Verizon's approach of getting a commercial product into people's homes as quickly as possible is going to be very capital intensive. It's launching before the rest of the industry is ready, so it has to hire contractors to install on-premise equipment. Its reliance entirely on millimeter-wave spectrum also means it will have to install a lot of small cells (data processors that are attached to utility poles or inside buildings) to provide good coverage, especially as it shifts to mobile connections from fixed connections. That said, starting with fixed in-home connections will allow it to provide faster return on investment capital than if it built a wireless network and waited for customers to migrate to 5G devices.
AT&T expects to launch a 5G mobile network in 12 cities by the end of the year and plans to add seven more cities in early 2019. Its network, similar to Verizon's, will rely on its millimeter-wave holdings in the 39 GHz band. Consumers won't have 5G-capable handsets before the end of the year, so AT&T will sell a hotspot device called a puck, which will pick up the 5G signal and connect to handsets via Wi-Fi.
In the meantime, AT&T has been building out the foundation technology to support the eventual arrival of 5G speeds in what it calls "5G Evolution." That groundwork will be in 400 markets by the end of the year. AT&T is using techniques like expanding the number of simultaneous signals each radio can receive and transmit (4x4 MIMO), using multiple bands of spectrum to carry signals faster (carrier aggregation), and integrating advanced signal processing techniques (256 QAM) to increase the speed and bandwidth of its current cell sites. All of that technology should lead to substantial improvements in speed, bandwidth, and latency, but it's not quite a 5G network.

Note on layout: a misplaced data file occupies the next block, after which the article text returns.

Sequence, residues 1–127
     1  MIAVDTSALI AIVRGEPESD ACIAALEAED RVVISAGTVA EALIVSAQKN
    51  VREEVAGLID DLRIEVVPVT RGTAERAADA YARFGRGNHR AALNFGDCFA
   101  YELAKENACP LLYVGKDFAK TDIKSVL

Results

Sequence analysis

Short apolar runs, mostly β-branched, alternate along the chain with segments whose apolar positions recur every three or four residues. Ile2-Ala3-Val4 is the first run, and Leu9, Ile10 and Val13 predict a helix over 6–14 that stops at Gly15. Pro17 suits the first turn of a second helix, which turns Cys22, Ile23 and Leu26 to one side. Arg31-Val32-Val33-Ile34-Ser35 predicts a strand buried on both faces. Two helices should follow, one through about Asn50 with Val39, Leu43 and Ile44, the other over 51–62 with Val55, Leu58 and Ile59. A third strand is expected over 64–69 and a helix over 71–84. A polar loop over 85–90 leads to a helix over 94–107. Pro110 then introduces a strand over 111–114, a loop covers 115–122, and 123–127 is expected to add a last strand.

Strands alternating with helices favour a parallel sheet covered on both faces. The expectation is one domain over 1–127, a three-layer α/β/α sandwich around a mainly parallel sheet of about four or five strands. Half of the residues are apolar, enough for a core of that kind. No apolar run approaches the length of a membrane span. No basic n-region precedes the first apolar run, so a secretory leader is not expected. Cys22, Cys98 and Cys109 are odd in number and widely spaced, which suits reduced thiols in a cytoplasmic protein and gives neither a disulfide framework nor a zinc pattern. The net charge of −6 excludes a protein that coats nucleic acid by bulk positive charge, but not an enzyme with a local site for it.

AT&T's 39 GHz spectrum holdings put it in a good position spectrum-wise. It owns 30% of the band in the top 50 markets. The capital intensity of building out a 5G network using millimeter-wave spectrum and small cells may weigh on the company, however, as it's also working to feverishly pay down its massive debt load. That debt could potentially hinder how quickly AT&T builds out its 5G network. Management seems confident it can do both (and keep raising its dividend year after year), but at some point, something's got to give.
T-Mobile and Sprint
While the T-Mobile and Sprint merger has yet to be approved, T-Mobile's management already sees a path forward using Sprint's spectrum assets. T-Mobile holds a small amount of spectrum in the 28 GHz band -- about 12% in the top 50 markets -- which could be used in a similar manner to Verizon and AT&T's millimeter-wave plans.